I’ve been working, very slowly, on a physical control panel for Paisley, my home server. The easiest way to do this would be to connect an Arduino to one of the USB ports and the use the Arduino to power whatever input and output devices that I want.
Now, where’s the fun in that?
Instead, I found a bunch of microcontrollers sitting in a plastic container, so I reached for my old Dragon Atmel programmer. I stole a MAX232 from the museum to handle translate an RS232 signal that I’m taking straigh off the server’s mtoherboard, to a nice, 5V logic signal that can be read by the microcontorller. I managed to get to a point where a python script on the server sends characters to the serial port, and an LED blinks on my breadboard every time that happens. Success!
Then I tried connecting an LCD. I found Peter Fleury‘s LCD library for Atmel devices which had the all the LCD’s pin be driven by the microcontoller’s port A. Of course, this did not work out. I used my fancy nScope (I really should dedicate a post to that cute gadget) to realize that I can’t seem to get port A to work at all. I tried a bunch of other microcontrollers, but they were not even communicating with my Dragon.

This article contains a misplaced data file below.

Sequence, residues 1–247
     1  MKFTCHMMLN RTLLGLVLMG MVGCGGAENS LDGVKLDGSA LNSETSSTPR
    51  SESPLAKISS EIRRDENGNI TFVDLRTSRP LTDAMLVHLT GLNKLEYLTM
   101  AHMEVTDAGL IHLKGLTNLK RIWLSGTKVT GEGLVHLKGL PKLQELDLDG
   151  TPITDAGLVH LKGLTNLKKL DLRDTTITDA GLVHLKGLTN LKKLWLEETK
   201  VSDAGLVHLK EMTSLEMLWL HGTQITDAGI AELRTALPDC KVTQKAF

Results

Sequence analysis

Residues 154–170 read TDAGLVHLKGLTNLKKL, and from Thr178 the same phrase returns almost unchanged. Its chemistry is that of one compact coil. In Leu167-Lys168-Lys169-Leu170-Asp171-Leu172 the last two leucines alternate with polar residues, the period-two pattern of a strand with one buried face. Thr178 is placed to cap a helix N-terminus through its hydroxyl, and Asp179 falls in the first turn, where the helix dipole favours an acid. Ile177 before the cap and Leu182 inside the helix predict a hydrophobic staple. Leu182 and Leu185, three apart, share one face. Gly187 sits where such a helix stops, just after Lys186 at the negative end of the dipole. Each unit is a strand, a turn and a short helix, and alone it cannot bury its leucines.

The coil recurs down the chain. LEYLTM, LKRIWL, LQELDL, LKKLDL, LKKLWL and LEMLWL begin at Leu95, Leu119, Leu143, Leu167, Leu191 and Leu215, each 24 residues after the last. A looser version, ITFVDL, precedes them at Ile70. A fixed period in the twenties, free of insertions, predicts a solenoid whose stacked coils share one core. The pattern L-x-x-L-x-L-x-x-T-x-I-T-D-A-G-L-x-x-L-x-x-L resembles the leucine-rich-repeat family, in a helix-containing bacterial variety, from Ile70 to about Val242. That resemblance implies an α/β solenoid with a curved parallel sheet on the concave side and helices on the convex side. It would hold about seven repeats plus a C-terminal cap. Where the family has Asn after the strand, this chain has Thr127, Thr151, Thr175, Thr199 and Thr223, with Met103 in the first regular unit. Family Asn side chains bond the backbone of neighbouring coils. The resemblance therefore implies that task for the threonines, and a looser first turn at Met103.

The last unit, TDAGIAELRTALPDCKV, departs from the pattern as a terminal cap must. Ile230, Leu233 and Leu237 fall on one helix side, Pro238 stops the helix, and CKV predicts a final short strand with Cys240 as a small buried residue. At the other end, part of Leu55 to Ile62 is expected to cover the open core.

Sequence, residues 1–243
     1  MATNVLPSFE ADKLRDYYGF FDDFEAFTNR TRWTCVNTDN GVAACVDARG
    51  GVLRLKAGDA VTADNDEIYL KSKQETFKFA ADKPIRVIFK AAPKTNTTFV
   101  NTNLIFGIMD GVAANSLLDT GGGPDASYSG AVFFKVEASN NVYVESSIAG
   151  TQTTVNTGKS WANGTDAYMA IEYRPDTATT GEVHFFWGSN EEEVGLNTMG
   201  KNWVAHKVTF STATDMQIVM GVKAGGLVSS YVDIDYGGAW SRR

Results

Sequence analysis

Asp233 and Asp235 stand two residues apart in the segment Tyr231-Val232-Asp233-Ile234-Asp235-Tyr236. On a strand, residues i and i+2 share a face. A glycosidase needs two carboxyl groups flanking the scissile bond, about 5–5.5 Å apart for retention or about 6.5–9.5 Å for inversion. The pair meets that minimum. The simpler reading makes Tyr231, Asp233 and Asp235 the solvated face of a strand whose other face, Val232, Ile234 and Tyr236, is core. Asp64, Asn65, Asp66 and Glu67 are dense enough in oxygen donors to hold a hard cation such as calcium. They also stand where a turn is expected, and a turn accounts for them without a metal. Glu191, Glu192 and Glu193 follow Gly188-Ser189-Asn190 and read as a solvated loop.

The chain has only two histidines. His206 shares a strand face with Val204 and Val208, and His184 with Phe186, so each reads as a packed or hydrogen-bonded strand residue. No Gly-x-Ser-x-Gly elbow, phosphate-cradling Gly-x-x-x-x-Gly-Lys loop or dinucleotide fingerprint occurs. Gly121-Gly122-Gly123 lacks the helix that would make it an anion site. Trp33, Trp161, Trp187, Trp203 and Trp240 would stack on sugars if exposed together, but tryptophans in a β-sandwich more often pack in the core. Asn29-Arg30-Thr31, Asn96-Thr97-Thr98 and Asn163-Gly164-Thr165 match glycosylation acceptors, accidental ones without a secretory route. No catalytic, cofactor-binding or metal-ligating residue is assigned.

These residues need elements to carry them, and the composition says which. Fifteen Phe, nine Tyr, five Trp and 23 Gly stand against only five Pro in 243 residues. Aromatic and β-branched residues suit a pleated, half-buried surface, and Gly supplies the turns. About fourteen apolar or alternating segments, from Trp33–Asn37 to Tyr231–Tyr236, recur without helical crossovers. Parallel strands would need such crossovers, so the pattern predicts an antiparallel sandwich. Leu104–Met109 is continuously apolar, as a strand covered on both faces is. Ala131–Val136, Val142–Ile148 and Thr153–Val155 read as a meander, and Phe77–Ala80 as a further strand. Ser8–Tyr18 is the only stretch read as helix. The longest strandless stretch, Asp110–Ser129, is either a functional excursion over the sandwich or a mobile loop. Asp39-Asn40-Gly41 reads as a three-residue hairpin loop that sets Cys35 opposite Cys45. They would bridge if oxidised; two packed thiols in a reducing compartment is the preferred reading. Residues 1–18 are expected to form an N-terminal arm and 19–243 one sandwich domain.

So I had to modify the library to use other ports. That wasn’t that hard, and it actually worked. Kind of.
Oh no! I took the red pill!
I accidentally gave the lcd_puts command an integer, which it probably interpreted as a memory address, sending the Matrix-like text to the LCD. reverting the command to lcd_putc, instead, gave, naturally, a different character than the character I was sending from the server. I’ve seen this a thousand times before, when sending bytes between a computer to a microcontroller over serial. Depending on the language used and the direction of the transmission, there are various solutions to this. Unfortunately, I don’t remember the right one for this situation. I think it’s time to use the Dragon’s JTAG terminal to see what exactly the AVR thinks it’s getting and take it from there.